The Best Answer for the Worst Clutter
This past weekend an article came out in Minnesota’s Star Tribune that featured an interview with organizing guru, Peter Walsh. In it, Walsh states “Clutter isn’t really about stuff at all. Rather, it’s about our relationship to stuff. Clutter becomes a problem when people look for meaning, support and affirmation from their belongings, instead of from other people.” Brilliant as always. I couldn’t agree more. I’d like to describe an approach I take, to illustrate this point.
There comes a time, after working with certain clients, that Mr. Walsh’s point becomes clear. She is assigning more value to her stuff than to people. I’ll hand the client a pad of paper and ask her to write down the top five most important things in her life. If she gets stuck, I may ask, “What are the things you want to be remembered for?” and “What sort of things would you like to doing more?”
Typically the answers are things like spend more time with my kids, be more successful at work, be able to have my friends over more, travel more, do volunteer work, go back to school, make people laugh, etc. Two things always come out of this exercise.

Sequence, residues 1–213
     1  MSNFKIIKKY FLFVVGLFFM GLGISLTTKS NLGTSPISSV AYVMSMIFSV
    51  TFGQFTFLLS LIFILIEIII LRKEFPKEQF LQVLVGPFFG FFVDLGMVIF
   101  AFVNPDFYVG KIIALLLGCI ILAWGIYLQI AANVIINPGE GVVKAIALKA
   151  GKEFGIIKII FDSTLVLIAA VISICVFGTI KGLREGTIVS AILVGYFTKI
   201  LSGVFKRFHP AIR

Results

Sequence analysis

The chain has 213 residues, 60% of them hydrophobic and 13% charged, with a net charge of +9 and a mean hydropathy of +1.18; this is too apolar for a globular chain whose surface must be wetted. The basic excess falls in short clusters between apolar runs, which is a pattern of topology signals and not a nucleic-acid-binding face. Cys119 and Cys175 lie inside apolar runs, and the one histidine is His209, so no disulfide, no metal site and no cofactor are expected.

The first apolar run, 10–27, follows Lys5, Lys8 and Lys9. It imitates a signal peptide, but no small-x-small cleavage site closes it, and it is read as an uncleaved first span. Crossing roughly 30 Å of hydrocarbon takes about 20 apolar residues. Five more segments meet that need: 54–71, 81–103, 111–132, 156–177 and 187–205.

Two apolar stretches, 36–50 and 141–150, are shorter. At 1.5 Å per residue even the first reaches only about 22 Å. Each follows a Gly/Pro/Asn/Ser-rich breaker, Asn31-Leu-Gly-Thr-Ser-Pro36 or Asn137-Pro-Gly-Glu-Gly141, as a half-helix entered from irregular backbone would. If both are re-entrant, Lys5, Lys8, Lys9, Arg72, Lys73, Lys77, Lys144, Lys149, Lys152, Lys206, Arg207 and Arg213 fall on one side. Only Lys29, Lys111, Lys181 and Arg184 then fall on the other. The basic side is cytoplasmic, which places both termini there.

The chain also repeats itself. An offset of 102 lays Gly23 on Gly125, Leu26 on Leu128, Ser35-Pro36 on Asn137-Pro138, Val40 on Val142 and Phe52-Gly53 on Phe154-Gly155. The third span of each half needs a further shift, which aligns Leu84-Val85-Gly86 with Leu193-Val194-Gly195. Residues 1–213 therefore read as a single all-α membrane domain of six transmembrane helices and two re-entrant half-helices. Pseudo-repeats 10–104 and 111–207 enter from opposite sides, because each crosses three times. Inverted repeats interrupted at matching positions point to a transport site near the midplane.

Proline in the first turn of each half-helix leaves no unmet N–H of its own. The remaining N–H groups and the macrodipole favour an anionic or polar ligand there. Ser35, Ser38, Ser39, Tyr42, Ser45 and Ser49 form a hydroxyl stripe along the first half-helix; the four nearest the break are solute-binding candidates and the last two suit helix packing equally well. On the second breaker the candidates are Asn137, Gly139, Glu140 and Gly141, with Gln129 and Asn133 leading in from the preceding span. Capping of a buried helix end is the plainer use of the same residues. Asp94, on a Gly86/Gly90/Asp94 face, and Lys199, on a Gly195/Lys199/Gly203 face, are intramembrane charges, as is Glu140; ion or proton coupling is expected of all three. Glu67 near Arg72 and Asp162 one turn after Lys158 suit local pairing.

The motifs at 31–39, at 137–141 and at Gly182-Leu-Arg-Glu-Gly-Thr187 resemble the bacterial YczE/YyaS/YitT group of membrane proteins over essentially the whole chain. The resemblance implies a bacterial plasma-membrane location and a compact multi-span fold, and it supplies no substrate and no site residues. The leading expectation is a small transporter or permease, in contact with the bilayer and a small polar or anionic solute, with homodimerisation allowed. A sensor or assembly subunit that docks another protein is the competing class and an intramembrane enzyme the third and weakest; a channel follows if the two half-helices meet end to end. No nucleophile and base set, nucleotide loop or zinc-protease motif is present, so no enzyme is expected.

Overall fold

First, the client realizes that clutter gets in the way of EVERYTHING that is most important. Not once has anyone told me, “What’s really important is having more stuff than anyone I know.” It’s very easy to think more stuff helps, but, all too often, it hurts. An EMPTY dining table, for example, is valuable . You can use it to process mail away, process clean laundry away, then share dinner on it with a friend. A dining table FULL of stuff that has taken up permanent residence is devoid of value.
Second, the things that the client recognizes as most important are not things at all. They are people, relationships, and experiences. When you give yourself the opportunity to take a deep breath, step back, and ask yourself what are the most important things in your life, it soon becomes apparent how important the people and experiences in your life are. It then becomes easier to ask yourself, what stuff is bringing you closer to these people and experiences and what stuff is getting in the way.
If you keep finding yourself getting stuck with too much stuff, listing your top five important things, is a great place to start. The next step of sorting it all out will be easier, but may still prove challenging. That’s where a professional organizer may come in. Helping you take the less important stuff out of the way, so you can get to the most important stuff is really what we’re all about. Having someone nagging at you to throw it all out, is what family is for.